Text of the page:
Macro-Operation (Macro-Ops or MOP) is a more complex version of a micro-operation as handled by the microprocessor. Macro-Operations have a number of slightly different meanings, depending on the microarchitecture and designers that's being discussed.
Although the definition varies by designer, MOPs almost always refer to operations that are considered more complex than the basic operations that are executed by the execution units. In general, they refer to more complex operations that are often decomposed into one or more very simple micro-operations further down the pipeline.
MOPs have a number of common meanings among chip designers:
- Intel refers to the variable-length x86 instructions as macro-ops. In their context, macro-operations are variable length and can be quite complex capable of performing multiple memory and arithmetic operations at once. In AMD's context, those are refered to as actual "AMD64 instructions".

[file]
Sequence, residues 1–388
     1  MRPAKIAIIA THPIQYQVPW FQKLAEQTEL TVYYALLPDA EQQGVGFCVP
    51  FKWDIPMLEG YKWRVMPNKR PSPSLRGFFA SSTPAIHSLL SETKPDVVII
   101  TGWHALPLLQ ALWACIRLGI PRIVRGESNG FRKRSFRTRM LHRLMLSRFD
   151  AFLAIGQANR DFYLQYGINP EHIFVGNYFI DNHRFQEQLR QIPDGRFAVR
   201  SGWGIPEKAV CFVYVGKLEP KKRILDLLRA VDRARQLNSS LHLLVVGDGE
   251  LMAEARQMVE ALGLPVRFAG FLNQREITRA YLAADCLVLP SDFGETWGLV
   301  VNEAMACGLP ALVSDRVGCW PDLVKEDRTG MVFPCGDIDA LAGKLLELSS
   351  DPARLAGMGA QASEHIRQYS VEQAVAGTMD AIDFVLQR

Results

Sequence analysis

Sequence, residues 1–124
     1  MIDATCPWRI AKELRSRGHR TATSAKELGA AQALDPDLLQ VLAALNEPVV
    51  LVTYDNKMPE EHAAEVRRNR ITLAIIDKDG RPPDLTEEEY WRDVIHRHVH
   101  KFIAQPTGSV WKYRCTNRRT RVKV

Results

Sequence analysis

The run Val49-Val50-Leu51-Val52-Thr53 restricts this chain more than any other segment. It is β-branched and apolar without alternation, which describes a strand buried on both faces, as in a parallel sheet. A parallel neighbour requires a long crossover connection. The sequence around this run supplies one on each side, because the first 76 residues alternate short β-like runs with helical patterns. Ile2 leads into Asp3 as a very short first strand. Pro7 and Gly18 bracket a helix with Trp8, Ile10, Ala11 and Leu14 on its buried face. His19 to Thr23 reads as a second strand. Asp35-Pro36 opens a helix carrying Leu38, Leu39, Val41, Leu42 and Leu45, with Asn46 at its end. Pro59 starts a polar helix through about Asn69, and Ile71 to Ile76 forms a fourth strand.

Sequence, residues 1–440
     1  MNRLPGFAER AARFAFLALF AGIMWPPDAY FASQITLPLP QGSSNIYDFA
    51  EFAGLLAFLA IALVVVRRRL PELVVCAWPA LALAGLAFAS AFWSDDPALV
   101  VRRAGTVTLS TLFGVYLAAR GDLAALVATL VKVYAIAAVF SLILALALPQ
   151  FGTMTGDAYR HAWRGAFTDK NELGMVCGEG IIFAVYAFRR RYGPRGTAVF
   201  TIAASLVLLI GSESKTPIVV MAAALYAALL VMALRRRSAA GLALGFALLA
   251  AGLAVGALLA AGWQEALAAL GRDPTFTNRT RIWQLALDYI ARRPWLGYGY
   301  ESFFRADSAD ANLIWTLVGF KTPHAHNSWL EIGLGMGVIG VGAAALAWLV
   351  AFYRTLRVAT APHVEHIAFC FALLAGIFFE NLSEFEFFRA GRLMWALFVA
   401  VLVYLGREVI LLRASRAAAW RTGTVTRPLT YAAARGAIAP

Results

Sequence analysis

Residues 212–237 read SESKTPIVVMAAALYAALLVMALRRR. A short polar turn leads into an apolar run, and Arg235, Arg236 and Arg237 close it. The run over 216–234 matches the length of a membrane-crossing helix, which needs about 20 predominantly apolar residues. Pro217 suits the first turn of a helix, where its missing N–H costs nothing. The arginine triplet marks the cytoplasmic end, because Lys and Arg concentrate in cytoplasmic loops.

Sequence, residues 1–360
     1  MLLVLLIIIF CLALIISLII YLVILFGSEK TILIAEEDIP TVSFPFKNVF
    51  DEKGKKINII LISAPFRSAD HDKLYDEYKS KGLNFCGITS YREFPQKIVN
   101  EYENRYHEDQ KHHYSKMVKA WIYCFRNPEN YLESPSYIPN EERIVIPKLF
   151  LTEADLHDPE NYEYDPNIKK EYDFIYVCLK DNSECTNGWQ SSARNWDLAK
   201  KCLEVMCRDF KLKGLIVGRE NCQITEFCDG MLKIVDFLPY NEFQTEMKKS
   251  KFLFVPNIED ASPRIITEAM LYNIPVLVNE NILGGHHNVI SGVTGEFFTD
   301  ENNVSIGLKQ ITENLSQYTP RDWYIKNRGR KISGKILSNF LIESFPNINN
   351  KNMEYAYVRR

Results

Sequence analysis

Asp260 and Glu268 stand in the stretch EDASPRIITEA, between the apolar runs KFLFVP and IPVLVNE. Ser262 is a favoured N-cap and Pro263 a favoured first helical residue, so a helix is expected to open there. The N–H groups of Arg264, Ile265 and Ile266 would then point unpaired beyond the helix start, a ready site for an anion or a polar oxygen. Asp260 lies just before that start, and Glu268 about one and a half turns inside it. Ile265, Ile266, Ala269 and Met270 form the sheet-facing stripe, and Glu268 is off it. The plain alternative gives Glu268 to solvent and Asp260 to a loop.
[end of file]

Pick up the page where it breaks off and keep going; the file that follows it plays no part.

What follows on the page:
- AMD refers to the a more simplified fixed-length operation as macro-ops (sometimes also Complex-Op or COPs). In their context, macro-operations are a fixed-length operation that may be composed of a memory operation and an arithmetic operation. For example, a single MOP can perform a read, modify, and write operation. Another way of describing MOPs is x86 instructions that have undergone a number of transformations to make them fit into a more strict, but still complex, format. In Intel's context, no such concept exist.
- ARM refers to relatively more complex instructions that get decomposed into one or more µOPs. Those MOPS get cracked into smaller µOPs later on in the pipeline. Note that in legacy ARM cores, MOPs used to refer to complex instructions that required a number of iterations through the pipeline (multi-cycle instructions).